Okay, I’ll admit it, I’m cold. It’s cold in Hong Kong. It’s not quite like the weather I experienced in New York over the new year holiday, when the mercury dipped to a bone-chilling -17 degrees Celsius, but I’m cold nonetheless.
The combination of wind and living in towers made of concrete, steel, and little else, makes 8 degrees all the more difficult to keep warm in. As you would imagine, having heating isn’t really a thing in Southeast Asia.
Responding to the arctic air’s invasion of the Northeastern U.S., President Trump offered a tweet, saying “Perhaps we could use a little bit of that good old Global Warming…” and in doing so, he highlights the confusion – and attempts to wield it – that many seem to have about climate change, global warming and weather.
Global warming is certainly felt in Hong Kong, where last year in 2017, eight different high-temperature records were broken. The mean daily max temperature has been on the rise since the Hong Kong Observatory began recording data in 1884, and the number of “Very Hot” days – when the daily maximum temperature is 33 degrees Celsius or above – has dramatically increased over the past two decades.
As one would expect, this means that Hong Kong’s winters have been losing ground to the heat, as our cold weather begins later and ends sooner. However, even as I write, the Cold Weather Warning has been in force by the Observatory for close to a week now, and cold weather shelters are open.
A list of cold weather shelter locations is provided by the Home Affairs Department.
On Saturday evening, and again on Sunday, a Frost Warning was issued for the New Territories, which brings back memories of the ‘frost tourists’ fiasco of two winters ago, where people needed to be rescued off of Tai Mo Shan, Hong Kong’s highest peak.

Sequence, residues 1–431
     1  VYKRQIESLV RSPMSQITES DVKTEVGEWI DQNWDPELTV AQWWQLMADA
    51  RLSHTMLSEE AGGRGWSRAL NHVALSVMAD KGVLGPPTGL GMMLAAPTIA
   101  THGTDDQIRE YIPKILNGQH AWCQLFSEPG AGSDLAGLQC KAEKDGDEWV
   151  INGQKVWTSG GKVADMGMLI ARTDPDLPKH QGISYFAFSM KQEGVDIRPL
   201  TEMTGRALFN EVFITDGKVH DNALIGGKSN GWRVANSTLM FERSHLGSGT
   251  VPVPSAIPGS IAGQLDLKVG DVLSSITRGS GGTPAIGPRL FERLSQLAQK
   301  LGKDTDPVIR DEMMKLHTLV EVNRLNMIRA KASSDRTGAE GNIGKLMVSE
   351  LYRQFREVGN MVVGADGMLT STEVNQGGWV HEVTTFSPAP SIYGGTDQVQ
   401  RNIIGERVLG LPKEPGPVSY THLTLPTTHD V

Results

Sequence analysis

It has been warned that with climate change comes greater extremes, and the warnings certainly appear warranted. The extreme heat is expected in the subtropics, but freezing weather in Hong Kong, not so much.
In 2016, twelve weather records were broken, including the highest consecutive number of hot days, and the most amount of rainfall recorded in autumn. Hong Kong also had the coldest day in nearly 60 years, including the aforementioned frost event
Now looking back to 2017, we see the year boasts the record number of hot nights, as 41 nights were above 28 degrees celsius. It also gave us 9 tropical cyclones, one of them being Typhoon Hato, which is one of only 15 storms to gain signal No.10 since 1946 by the Observatory. It caused landslides, floods, flight cancelations, and injured more than 129 in Hong Kong, while also killing 10 in Macau.
Check out this video from 2015, and keep in mind what 2016 and last year were like…
The weather is becoming more volatile as a result of climate change, and we may see more extreme days of both cold and heat in Hong Kong. Sure, looking at the Observatory’s shows a decline in the total number of cold days. But could this lull us into being less prepared for future cold snaps in Hong Kong?
As of now, the Cold Weather Warning has been in effect for a week and the past two nights have seen Frost Warnings.
What records will be broken by 2020, or 2030? Will temperatures continue to break heat records? Will rainfall records fall as well, and days of ? How much more will the rise? Will a hard freeze come to Hong Kong one winter?
Until then, I’ve got on a couple of layers and my little space heater is working overtime. Keep warm on those cold and windy streets, fellow Kongers.
Copy editor: Amanda